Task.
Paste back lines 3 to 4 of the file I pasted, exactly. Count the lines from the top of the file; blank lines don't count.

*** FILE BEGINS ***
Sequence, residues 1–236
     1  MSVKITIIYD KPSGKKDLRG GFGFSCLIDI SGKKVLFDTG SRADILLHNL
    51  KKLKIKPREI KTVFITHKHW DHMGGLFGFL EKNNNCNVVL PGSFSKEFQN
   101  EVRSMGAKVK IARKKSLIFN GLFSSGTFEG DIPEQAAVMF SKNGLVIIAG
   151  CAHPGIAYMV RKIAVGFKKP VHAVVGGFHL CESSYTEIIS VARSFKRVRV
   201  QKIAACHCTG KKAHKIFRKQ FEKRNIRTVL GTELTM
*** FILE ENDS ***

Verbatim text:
    51  KKLKIKPREI KTVFITHKHW DHMGGLFGFL EKNNNCNVVL PGSFSKEFQN
   101  EVRSMGAKVK IARKKSLIFN GLFSSGTFEG DIPEQAAVMF SKNGLVIIAG